With that in mind many insurance companies are now excluding any injury related to trampolines. In fact, some insurance companies will actually cancel your insurance policy if they find out your have purchased one.

So if you have purchased a trampoline be sure to speak with our office to find out how it will affect your liability coverage and insurance policy.

Dogs

Dog bites now account for over one-third of all homeowners insurance claims with average damages totaling over $10,000.

With total damages now exceeding $310 million a year, it is easy to see why insurance companies are very leery to insurance residences with dogs. Whether or not your insurance company will surcharge for owning a dog or provide coverage at all depends upon the breed of dog you own.

Troublesome breeds like pit bulls, German shepards, Rottweilers, and huskies may make finding an insurance policy that will provide liability coverage very difficult. Providing proof of dog training and a proper fenced-in enclosure with help prove to insurance companies you are taking the necessary steps to protect yourself and others, and they may be willing to discount your premiums for doing so.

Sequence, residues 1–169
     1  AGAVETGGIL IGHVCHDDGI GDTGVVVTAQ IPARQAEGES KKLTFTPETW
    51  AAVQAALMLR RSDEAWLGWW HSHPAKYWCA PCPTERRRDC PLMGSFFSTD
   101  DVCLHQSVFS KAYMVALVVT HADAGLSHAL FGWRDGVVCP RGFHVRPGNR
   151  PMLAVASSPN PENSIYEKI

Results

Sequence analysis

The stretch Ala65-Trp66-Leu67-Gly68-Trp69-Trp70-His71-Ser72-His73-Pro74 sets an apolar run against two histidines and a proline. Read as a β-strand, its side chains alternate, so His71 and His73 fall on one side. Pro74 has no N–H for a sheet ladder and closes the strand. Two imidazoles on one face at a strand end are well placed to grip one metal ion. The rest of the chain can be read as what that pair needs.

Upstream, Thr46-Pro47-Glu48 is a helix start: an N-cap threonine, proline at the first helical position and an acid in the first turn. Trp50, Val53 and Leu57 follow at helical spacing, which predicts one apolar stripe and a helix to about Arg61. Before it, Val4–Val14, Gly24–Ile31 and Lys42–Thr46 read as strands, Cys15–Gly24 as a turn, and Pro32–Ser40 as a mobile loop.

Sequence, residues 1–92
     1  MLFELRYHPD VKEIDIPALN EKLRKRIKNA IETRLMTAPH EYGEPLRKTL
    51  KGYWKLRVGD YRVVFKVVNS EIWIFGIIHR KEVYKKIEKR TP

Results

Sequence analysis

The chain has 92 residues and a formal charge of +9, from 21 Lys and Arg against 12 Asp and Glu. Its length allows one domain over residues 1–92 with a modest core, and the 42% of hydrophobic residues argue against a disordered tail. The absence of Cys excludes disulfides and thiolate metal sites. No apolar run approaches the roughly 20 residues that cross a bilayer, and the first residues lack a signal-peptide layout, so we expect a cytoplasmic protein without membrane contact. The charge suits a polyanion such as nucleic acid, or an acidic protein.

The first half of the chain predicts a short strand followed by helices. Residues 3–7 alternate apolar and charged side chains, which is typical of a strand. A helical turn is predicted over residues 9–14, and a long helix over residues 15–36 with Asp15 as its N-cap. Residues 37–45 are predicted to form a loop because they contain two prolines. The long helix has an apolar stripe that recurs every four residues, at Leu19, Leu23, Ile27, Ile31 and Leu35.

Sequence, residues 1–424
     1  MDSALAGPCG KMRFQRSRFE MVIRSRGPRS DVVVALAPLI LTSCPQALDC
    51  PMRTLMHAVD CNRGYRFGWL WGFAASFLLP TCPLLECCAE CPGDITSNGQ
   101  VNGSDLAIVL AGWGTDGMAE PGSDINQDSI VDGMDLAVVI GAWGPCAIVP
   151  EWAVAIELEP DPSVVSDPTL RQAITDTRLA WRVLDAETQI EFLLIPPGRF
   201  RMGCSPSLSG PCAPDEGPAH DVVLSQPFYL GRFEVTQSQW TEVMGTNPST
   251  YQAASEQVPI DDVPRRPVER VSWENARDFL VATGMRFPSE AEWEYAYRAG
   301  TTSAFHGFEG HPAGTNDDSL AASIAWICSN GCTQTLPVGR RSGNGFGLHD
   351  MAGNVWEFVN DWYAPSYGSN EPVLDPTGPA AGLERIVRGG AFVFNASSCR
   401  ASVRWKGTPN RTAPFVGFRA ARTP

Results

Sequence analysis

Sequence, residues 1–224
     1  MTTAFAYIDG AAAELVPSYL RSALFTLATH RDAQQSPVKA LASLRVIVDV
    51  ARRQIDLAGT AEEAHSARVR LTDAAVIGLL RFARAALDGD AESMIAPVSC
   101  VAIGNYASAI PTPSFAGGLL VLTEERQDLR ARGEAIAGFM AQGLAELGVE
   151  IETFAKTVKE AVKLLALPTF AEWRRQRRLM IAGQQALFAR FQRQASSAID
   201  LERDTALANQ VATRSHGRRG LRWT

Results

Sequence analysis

Intentional Damage

If your rebellious teenager or estranged spouse intentionally damages your home, there is a good chance you will be paying for the damages yourself.

Intentional damages caused by an insured person – you, your spouse, dependants or any relatives living in the home – aren’t typically covered by your homeowners insurance policy. Estranged spouses are a very gray area for insurance companies: while they may not live at the residence, they may still be listed on the deed or have an insurable interest in the home, which will give insurance companies a right to deny any claim from their destruction.

* Disclaimer
The above information is to be used as guidance only, and should not be considered as definite in any particular case. Every policy is different and you need to read through your policy and consult with your agent to best determine how your coverage will respond. Within this article we simply cannot analyze every possible loss exposure and exception to the general guidelines above.